Two City Council members opposed Tim Leigh’s resignation from a panel that will have a say about the future of Memorial Health System despite revelations that his wife is a longtime employee at Memorial, according to e-mails obtained under an open-records request.
And one of the council members who didn’t think Leigh needed to resign suggested afterward that Leigh could give the public a different reason for his resignation.
Leigh, a longtime commercial real estate broker and mayoral candidate, was among three people selected to serve on the new Citizens Commission on Ownership and Governance of Memorial Health System through secret polling among council members.
Mayor Lionel Rivera had asked council members to submit their top 10 choices for the commission. Leigh, Stephen Hyde and B.J. Scott appeared on the lists of five or more council members, making them shoo-ins.
Since Leigh was among the three applicants selected outright, he didn’t have to go through a formal interview like the other applicants, who were asked whether they had family employed at Memorial.
Leigh resigned Feb. 14 after Mayor Lionel Rivera and Councilman Darryl Glenn called him Feb. 12 and “suggested” that he step down, the e-mails state.
Of the nine council members, Councilmen Bernie Herpin and Sean Paige opposed Leigh’s resignation.
“I am concerned with the process,” Herpin wrote in a Feb. 12 e-mail to his colleagues. “Since a majority believes Mr. Leigh’s wife’s employment at MHS is a conflict that may taint his decision (I do not hold that view) I believe we should at least allow him the opportunity to convince us that he can be impartial or give him the opportunity to withdraw his request.”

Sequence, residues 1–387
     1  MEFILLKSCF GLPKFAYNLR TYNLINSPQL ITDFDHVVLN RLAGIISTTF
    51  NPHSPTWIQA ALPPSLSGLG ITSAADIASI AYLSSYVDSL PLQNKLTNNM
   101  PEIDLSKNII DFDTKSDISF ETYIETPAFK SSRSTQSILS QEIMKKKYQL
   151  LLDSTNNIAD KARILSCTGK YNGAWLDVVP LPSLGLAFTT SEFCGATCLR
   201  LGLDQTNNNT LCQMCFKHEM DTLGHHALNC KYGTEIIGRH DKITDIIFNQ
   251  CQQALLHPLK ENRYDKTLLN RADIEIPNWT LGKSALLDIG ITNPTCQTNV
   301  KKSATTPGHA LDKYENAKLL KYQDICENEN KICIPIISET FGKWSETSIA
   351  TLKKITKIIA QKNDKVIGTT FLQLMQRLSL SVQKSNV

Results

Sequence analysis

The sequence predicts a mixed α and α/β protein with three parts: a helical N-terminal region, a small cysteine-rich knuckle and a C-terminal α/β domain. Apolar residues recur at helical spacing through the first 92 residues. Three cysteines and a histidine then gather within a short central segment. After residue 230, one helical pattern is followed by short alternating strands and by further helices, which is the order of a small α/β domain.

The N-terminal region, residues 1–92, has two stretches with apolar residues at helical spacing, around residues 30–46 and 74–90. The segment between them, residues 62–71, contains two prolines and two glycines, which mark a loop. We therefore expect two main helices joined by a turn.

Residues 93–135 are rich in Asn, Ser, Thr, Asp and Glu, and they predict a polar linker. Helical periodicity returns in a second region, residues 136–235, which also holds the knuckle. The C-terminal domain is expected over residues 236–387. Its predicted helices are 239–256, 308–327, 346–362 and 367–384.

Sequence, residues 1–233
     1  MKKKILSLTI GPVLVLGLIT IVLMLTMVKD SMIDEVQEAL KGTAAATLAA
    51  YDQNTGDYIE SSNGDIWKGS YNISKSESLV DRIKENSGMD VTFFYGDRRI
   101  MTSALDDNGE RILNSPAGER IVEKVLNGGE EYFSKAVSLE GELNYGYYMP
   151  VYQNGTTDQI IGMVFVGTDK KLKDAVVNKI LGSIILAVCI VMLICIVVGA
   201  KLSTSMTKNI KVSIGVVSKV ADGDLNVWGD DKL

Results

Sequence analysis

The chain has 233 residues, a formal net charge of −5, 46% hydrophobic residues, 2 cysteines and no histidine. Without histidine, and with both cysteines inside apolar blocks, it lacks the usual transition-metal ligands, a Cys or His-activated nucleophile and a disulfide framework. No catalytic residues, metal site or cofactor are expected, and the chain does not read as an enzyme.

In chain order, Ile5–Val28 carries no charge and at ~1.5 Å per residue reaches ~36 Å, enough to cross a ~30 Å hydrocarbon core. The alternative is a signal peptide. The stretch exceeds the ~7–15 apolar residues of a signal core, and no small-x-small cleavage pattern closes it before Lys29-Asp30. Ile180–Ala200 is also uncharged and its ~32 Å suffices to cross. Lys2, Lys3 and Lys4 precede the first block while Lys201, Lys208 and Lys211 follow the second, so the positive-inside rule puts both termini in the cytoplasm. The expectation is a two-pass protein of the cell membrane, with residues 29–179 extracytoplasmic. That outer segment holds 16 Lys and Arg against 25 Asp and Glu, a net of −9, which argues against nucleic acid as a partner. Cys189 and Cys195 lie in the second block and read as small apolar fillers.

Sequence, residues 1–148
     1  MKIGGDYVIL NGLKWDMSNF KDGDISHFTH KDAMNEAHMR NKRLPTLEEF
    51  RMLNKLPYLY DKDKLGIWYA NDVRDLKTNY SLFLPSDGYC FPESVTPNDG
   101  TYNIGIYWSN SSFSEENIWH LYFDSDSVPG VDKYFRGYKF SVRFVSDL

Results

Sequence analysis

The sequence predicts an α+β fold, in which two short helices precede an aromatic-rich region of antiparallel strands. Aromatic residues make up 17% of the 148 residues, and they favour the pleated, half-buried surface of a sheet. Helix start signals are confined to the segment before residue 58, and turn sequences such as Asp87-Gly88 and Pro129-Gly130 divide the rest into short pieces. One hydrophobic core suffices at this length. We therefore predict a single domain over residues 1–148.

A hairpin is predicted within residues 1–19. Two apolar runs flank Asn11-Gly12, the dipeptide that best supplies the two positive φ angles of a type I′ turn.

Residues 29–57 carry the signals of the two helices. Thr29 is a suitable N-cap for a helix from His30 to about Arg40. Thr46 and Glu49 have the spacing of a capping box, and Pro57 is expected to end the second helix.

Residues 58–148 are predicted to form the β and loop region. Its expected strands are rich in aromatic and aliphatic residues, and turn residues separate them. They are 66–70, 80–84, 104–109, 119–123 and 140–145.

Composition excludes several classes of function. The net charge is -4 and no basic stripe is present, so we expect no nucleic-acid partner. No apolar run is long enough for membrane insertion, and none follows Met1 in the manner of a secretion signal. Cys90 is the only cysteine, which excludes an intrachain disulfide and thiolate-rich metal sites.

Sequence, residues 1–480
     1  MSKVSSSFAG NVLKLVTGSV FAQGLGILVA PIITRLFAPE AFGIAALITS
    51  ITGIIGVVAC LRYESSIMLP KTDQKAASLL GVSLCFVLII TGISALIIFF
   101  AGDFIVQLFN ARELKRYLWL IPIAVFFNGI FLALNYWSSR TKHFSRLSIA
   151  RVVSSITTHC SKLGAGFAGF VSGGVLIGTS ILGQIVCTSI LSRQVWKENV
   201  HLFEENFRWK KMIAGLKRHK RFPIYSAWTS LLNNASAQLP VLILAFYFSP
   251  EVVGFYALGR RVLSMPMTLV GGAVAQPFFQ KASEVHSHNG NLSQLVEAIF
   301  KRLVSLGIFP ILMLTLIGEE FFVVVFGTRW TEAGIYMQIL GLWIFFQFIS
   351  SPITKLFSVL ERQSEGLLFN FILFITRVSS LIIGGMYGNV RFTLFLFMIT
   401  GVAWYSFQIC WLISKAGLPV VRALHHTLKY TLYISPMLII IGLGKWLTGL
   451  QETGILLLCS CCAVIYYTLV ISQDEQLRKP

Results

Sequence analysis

Herpin reminded his colleagues that Leigh had filed papers to run for mayor and that he could use that as the reason he was stepping down.
“I am concerned that us removing him from the commission could be seen as politically motivated after already accepting him without interview,” he wrote. “I think Lionel should speak to him and give him the opportunity to withdraw. He could use his running for mayor as a reason if he wants (too busy, may seem like a conflict since, if elected, he may have to act on the commission’s recommendation, etc.).”
Paige said the council had “failed to ask a very important question” before appointing Leigh.
“Our failure to make the necessary inquiry in this case shouldn’t be held against Mr. Leigh now that he’s been publicly appointed to the panel,” Paige wrote in a Feb. 11 e-mail. “We would be indirectly calling into question his objectivity and integrity, and causing him potential public embarrassment, in response to an oversight on Council’s part.”
When the council decided to form the new commission in early January, Paige expressed concern about a public perception that council members appoint their “pet people” to give them the recommendations they want. He made reference to his earlier statement in the e-mail.
“Let me just reiterate, for emphasis — Mr. Leigh was not one of my top ten picks, so I am not trying to protect one of my ‘pets,” he said.
The Gazette requested “all correspondence” involving Leigh and his resignation.
The city government refused to release some of the documents, namely the e-mail that McEvoy, Memorial’s CEO, sent to the council alerting them that Leigh’s wife works at the hospital.
“Any correspondence on this topic from Dr. McEvoy is considered work product for City Council and not public record,” city spokeswoman Sue Skiffington-Blumberg said today in an e-mail.
The city is also refusing to release the council members’ top 10 lists.
“The common law deliberative process privilege is codified at C.R.S. § 24-72-204(3)(a)(i) and is explained in City of Colorado Springs v. White, 967 P.2d 1042 (Colo. 1998). I believe you were provided with names of all 60 candidates, which is what is currently publically available,” Blumberg said in a recent e-mail.